Georgia EPD Eases Watering Limits, Reminds Citizens Year-round Conservation Needed
The Georgia Environmental Protection Division (EPD) is easing outdoor water use restrictions in 55 counties including metropolitan Atlanta, but reminds Georgians that state law requires some statewide outdoor watering limits year-round.

“Substantial rainfall over the past few months has led to significant improvement in streamflows and reservoir levels” said EPD Director Richard Dunn.

The state’s most recent Level 2 Drought Response has focused on Lake Lanier and its tributaries because they serve as water supply to much of metro Atlanta. Lake Lanier is a federal reservoir and as such, the U.S. Army Corps of Engineers manages its water levels.

“Due to effective river basin management and above average rainfall, Lake Lanier water levels are up five feet since the start of the year,” said EPD Director Dunn. “It is typically dry in the fall, but we expect the lake to continue to refill during the winter.  As drought recovery continues, we urge citizens to be good stewards of our water resources.”
Those counties moving from a Level 2 Drought Response to a Level 1 Drought Response are Cobb, Coweta, Dekalb, Douglas, Forsyth, Fulton, Gwinnett, Habersham, Hall, Lumpkin, Paulding, and White counties. EPD had already lifted Level 2 restrictions in the remainder of the state.
A Level 1 Drought Response requires permitted public water systems to conduct a public information
campaign to explain drought conditions and the need to conserve water. This decision cancels the Level 2
Drought Response watering schedule that limited landscape watering to two days per week based on odd-even address numbers. It also prohibited other types of water use including non-commercial vehicle washing and pressure washing.
In addition, a Level 1 Drought Response has been lifted in the following Georgia counties: Athens-Clarke, Banks, Barrow, Bartow, Butts, Carroll, Chattooga, Cherokee, Clayton, Dawson, Elbert, Fayette, Floyd, Franklin, Gordon, Greene, Haralson, Harris, Hart, Heard, Henry, Jackson, Jasper, Lamar, Madison, Meriwether, Monroe, Morgan, Newton, Oconee, Oglethorpe, Pickens, Pike, Putnam, Rockdale, Spalding, Stephens, Talbot, Taliaferro, Troup, Upson, Walton and Wilkes counties.
Georgians must still follow the non-drought outdoor water use schedule required in the Water Stewardship Act of 2010. This law allows all types of outdoor water use, but landscape watering only before 10 a.m. and after 4 p.m. daily.  This is done to limit evaporation during the warmest part of the day.  For more information about water conservation and drought is available at


Find more conservation tips at: 


What is Stormwater?

What happens to all that rain that falls?  Much of it soaks back into the ground replenishing our streams and waterways, and feeding our plants and natural ground cover.  But what about the rest…the stuff that doesn’t soak back into the ground???

Duluth gets about 53 inches of rain every year.  That’s 45% higher than the national average rainfall of 36.5 inches. And while much of that rain falls upon our beautiful parks and grassy lawns, the rest of it falls upon our rooftops, our driveways, and our parking lots and roads, causing what we call storm water runoff.  Storm water runoff flows over our impervious surfaces, accumulating debris, sediment, and other potentially harmful pollutants before finding its way to our lakes, streams, and ponds.  Yuck.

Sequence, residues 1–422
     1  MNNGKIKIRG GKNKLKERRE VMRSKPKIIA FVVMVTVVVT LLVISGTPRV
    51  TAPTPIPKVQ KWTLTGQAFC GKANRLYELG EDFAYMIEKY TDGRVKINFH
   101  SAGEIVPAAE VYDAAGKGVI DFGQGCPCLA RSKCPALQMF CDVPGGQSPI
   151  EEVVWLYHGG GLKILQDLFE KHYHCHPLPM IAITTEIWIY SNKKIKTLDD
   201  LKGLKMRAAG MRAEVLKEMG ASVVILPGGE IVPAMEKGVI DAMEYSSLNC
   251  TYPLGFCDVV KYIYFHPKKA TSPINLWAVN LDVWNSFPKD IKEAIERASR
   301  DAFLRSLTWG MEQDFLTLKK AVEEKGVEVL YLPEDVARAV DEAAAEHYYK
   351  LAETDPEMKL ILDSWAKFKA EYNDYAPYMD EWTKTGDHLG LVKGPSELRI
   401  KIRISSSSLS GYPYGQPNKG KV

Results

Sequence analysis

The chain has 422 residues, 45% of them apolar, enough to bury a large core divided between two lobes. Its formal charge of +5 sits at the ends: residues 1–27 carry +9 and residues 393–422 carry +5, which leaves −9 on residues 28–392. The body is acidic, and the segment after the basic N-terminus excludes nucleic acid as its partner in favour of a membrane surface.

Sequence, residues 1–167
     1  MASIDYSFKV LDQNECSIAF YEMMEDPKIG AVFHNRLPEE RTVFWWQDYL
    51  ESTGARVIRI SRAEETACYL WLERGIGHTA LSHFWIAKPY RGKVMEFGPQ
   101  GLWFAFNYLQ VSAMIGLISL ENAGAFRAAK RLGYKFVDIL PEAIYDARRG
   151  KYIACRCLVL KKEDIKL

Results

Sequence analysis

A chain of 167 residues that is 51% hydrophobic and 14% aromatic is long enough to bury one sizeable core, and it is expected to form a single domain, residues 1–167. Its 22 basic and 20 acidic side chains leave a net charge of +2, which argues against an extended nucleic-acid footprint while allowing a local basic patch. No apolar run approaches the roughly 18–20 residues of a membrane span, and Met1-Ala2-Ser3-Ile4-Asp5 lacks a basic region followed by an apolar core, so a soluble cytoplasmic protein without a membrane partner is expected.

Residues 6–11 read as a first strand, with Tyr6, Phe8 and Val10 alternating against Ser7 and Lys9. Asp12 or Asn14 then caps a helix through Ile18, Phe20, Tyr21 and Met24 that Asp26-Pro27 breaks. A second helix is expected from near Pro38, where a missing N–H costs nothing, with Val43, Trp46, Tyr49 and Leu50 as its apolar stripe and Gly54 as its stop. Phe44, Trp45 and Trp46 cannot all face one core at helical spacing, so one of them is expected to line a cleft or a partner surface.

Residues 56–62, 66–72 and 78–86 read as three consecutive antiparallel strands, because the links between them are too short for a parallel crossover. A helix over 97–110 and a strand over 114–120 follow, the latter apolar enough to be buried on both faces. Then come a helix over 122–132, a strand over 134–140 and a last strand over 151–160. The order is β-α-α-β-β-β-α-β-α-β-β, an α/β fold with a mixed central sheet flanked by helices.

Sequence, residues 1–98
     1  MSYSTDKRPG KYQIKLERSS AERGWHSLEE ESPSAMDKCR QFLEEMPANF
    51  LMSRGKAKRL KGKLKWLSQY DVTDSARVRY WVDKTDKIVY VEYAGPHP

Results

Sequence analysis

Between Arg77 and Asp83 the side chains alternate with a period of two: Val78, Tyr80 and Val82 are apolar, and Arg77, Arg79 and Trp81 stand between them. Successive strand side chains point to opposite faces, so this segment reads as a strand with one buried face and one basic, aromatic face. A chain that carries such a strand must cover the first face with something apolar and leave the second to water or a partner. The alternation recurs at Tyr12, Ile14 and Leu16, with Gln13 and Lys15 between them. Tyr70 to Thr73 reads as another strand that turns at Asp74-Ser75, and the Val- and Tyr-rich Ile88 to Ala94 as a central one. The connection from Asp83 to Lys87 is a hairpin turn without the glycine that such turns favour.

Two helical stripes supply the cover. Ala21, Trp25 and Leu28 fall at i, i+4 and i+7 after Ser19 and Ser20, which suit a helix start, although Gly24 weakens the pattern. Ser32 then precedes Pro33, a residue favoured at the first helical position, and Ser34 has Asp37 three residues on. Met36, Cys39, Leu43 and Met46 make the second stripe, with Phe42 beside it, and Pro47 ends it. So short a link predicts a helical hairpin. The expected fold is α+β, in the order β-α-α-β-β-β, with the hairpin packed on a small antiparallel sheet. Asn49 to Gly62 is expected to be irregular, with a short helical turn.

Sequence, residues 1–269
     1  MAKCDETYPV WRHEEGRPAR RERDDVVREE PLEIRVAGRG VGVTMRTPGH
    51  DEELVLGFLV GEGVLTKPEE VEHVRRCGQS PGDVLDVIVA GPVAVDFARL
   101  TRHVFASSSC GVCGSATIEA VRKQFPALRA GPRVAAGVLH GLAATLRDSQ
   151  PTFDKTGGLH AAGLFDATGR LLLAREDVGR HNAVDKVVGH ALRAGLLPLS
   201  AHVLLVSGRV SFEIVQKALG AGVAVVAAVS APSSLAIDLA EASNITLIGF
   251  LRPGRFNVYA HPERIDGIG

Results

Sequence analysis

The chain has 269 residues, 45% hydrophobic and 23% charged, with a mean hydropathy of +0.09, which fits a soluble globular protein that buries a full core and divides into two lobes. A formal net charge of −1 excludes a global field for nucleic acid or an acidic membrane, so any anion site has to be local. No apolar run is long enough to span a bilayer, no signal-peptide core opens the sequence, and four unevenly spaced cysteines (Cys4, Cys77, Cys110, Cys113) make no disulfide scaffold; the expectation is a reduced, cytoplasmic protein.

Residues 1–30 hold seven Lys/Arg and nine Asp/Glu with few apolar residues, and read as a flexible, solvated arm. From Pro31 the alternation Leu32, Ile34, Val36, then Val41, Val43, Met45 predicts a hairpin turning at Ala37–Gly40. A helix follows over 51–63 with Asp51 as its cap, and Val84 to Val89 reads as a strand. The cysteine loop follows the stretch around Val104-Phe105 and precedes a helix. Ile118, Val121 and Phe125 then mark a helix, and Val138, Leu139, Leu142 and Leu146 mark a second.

What does all this mean?  Well, it means we need to control and regulate how the water moves along the impervious surfaces, and how we treat it prior to letting it co-mingle with our “clean” water.  And it just so happens that the US EPA (Environmental Protection Agency) has requirements in place to help us do just that.  The US EPA has instituted a stormwater permitting process and has allowed qualified individual States to oversee their own programs.  The State of Georgia has official oversight for our stormwater permit, but individual Counties and Cities, such as Gwinnett and Duluth, are considered Local Issuing Authorities.  That means we have the expertise and ability to oversee our stormwater programs, making sure they are compliant with EPA’s regulations for the National Stormwater Permit.

Again, what does all this mean?  In order to remain compliant with our stormwater permit, Duluth must meet several criteria.  We need to train and maintain certified staff to review, approve, inspect, and enforce all aspects of our storm water program (from plan review to inspection and maintenance of our facilities, as well as enforcement for new development as Duluth grows and thrives.) 

What’s included in Duluth’s storm water program?  And how can YOU help?  Good questions! 

Our staff works hard every day to protect the waters and watersheds in and around Duluth.  We approve stormwater plans for new developments only when they meet or exceed our requirements for detention (to avoid flooding), and water quality (to remove the pollutants).  We inspect all of our storm water assets (ponds, pipes, ditches, and related structures) on a regular basis to make sure they are in safe and working condition.  We respond to questions and calls relating to storm water facilities in disrepair.  And we maintain, repair and upgrade our facilities on an ongoing basis.  As a citizen, business person, or general user of our facilities, you are encouraged to report any problems you see or experience with storm water related assets.  Our main storm water number is 770-497-5311.  We appreciate your efforts to help keep Duluth a great place to live, work, and play!

Need more information?
To learn more about NPDES (Stormwater) permits:
To learn more about Local Issuing Authorities:
To learn more about US EPD’s NPDES Program:

Can't get enough?  If you still have questions, or want to know more, you are welcome to call us.  We are here to serve you.